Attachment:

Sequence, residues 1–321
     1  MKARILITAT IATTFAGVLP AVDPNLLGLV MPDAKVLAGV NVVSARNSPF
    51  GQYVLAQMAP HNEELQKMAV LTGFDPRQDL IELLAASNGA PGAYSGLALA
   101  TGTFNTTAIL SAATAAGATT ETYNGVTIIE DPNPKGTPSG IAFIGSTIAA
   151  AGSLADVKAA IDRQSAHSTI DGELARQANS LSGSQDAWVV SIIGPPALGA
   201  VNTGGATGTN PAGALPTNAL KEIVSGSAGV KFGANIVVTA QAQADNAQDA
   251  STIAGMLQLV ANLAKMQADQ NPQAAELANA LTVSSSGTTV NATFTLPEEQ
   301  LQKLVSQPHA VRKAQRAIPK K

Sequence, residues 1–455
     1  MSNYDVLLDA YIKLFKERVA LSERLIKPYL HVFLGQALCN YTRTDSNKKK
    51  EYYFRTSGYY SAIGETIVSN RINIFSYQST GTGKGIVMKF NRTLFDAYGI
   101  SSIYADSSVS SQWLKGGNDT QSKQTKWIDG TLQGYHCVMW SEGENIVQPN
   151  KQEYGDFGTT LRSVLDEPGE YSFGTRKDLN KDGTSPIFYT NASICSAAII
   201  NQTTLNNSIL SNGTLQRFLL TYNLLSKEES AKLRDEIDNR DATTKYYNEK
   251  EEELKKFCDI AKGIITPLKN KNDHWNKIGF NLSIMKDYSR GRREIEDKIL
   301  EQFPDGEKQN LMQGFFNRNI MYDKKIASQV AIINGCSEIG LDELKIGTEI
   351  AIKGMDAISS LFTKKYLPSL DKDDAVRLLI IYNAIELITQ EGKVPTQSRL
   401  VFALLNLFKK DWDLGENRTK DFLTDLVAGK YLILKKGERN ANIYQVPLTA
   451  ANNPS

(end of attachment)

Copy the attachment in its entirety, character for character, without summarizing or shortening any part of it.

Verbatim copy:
Sequence, residues 1–321
     1  MKARILITAT IATTFAGVLP AVDPNLLGLV MPDAKVLAGV NVVSARNSPF
    51  GQYVLAQMAP HNEELQKMAV LTGFDPRQDL IELLAASNGA PGAYSGLALA
   101  TGTFNTTAIL SAATAAGATT ETYNGVTIIE DPNPKGTPSG IAFIGSTIAA
   151  AGSLADVKAA IDRQSAHSTI DGELARQANS LSGSQDAWVV SIIGPPALGA
   201  VNTGGATGTN PAGALPTNAL KEIVSGSAGV KFGANIVVTA QAQADNAQDA
   251  STIAGMLQLV ANLAKMQADQ NPQAAELANA LTVSSSGTTV NATFTLPEEQ
   301  LQKLVSQPHA VRKAQRAIPK K

Sequence, residues 1–455
     1  MSNYDVLLDA YIKLFKERVA LSERLIKPYL HVFLGQALCN YTRTDSNKKK
    51  EYYFRTSGYY SAIGETIVSN RINIFSYQST GTGKGIVMKF NRTLFDAYGI
   101  SSIYADSSVS SQWLKGGNDT QSKQTKWIDG TLQGYHCVMW SEGENIVQPN
   151  KQEYGDFGTT LRSVLDEPGE YSFGTRKDLN KDGTSPIFYT NASICSAAII
   201  NQTTLNNSIL SNGTLQRFLL TYNLLSKEES AKLRDEIDNR DATTKYYNEK
   251  EEELKKFCDI AKGIITPLKN KNDHWNKIGF NLSIMKDYSR GRREIEDKIL
   301  EQFPDGEKQN LMQGFFNRNI MYDKKIASQV AIINGCSEIG LDELKIGTEI
   351  AIKGMDAISS LFTKKYLPSL DKDDAVRLLI IYNAIELITQ EGKVPTQSRL
   401  VFALLNLFKK DWDLGENRTK DFLTDLVAGK YLILKKGERN ANIYQVPLTA
   451  ANNPS